Germany will pay for Auschwitz conservation


BERLIN (JTA) — Germany will help pay for urgently needed conservation work at the Auschwitz concentration camp memorial in Poland.

A spokesperson for Germany’s Foreign Ministry told the German news agency DPA Wednesday that "we continue to see the task of keeping the memory of the Holocaust alive as one of Germany’s central tasks."

The amount of Germany’s future contribution has not been revealed. Germany provided about $19 million conservation work in the 1990s, and reportedly Poland had pledged to carry ongoing costs.

Historian Volkhard Knigge, the director of the memorial at the Buchenwald concentration camp in Weimar, Germany, told DPA that the Auschwitz site is badly in need of conservation rather than restoration. Every restoration destroys some trace of the past, he said, warning against any measures that might soften the brutal effect of Auschwitz’s structures and landscape.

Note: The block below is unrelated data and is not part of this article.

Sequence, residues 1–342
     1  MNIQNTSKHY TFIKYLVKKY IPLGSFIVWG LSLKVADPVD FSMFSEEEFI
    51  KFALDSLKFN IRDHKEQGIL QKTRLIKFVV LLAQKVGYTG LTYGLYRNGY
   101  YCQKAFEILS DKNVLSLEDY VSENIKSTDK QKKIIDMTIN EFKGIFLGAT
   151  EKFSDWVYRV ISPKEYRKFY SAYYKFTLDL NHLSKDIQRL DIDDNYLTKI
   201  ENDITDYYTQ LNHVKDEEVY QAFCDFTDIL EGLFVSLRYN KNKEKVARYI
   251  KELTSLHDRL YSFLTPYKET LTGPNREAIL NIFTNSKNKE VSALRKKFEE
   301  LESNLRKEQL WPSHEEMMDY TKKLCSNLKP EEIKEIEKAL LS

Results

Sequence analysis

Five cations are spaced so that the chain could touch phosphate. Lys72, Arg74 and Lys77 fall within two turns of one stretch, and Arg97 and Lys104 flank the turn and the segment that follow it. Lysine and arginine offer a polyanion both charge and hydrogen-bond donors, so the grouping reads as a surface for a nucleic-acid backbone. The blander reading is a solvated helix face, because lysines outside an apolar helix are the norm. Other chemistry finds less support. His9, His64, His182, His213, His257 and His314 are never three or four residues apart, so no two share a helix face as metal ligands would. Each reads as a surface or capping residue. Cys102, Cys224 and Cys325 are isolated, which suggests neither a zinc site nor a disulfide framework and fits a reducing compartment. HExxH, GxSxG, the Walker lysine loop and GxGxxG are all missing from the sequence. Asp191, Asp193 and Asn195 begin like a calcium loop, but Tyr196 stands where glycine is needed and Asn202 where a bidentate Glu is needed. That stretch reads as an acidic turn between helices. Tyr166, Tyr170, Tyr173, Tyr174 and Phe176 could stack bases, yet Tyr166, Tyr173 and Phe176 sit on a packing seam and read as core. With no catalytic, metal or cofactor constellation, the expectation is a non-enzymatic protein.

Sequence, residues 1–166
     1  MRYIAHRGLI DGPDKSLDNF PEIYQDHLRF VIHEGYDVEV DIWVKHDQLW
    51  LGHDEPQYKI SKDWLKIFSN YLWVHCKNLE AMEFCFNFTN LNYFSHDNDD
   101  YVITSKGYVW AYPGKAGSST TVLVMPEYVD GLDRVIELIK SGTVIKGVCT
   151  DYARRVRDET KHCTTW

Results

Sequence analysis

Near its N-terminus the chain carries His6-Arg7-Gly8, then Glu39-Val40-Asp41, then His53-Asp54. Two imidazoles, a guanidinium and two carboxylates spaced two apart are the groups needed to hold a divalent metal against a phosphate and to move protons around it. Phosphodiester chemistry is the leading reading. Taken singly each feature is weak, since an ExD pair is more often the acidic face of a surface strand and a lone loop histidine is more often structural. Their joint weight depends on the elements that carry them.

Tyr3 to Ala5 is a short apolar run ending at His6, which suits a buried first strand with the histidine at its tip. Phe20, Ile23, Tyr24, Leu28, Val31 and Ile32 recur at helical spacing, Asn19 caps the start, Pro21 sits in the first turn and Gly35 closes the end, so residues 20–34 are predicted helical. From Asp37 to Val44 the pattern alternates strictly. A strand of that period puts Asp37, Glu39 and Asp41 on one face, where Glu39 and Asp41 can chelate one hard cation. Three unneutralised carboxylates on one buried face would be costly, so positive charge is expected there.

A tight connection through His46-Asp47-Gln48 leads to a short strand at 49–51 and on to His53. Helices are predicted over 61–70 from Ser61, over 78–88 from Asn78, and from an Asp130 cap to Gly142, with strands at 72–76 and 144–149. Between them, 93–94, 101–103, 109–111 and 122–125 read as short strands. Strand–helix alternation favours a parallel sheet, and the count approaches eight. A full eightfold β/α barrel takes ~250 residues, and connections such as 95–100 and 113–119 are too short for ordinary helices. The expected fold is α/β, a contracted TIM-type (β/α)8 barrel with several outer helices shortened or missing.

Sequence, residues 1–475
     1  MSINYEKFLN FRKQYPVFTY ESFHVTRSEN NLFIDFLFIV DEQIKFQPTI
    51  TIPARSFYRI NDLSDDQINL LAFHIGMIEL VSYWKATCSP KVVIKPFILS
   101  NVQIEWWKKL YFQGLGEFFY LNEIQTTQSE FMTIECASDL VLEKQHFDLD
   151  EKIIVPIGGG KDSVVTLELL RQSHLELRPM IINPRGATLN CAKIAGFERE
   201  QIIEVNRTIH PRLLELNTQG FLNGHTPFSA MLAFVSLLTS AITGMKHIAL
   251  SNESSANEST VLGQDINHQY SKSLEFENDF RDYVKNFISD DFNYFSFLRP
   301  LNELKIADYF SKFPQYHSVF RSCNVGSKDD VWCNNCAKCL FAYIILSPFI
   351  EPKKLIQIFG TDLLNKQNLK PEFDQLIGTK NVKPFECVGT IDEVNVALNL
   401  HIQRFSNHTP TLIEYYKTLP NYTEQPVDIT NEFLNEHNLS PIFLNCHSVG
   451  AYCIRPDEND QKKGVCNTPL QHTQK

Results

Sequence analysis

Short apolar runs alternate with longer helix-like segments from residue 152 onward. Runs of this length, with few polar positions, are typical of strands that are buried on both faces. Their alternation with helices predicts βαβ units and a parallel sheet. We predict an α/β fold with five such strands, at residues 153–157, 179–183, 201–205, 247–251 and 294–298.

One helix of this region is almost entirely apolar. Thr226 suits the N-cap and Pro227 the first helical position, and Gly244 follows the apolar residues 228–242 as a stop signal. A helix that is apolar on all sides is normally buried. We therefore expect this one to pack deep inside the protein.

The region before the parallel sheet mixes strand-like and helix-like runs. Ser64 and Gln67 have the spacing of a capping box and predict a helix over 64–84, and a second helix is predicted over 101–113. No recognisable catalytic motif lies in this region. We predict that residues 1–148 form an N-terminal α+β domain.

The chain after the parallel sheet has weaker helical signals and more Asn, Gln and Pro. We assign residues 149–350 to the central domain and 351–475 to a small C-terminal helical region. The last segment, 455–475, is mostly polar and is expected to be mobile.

Auschwitz memorial director Piotr Cywinski had requested international help last year to keep Auschwitz open. A total of $66 million  is needed.

Poland provides about $3.2 million annually, and the same amount is brought in from book sales at the site’s shop, DPA reported, adding that the European Union is considering proposals to create an international foundation with an endowment of $157 million to support the memorial using accrued interest.

In related news, an online educational archive on Nazi Germany’s slave labor program is slated to open Jan. 22 at the German Historical Museum in Berlin.

The "Forced Labor 1939-1945" archive will include hundreds of audio and video interviews with survivors. The project is a combined effort of the museum, the Free University of Berlin and the Foundation for Remembrance, Responsibility and Future, a fund created with German federal monies and contributions from German
companies that used slave labor during the Nazi period.

More than 12 million people were forced to work for German firms, large and small, government and private.

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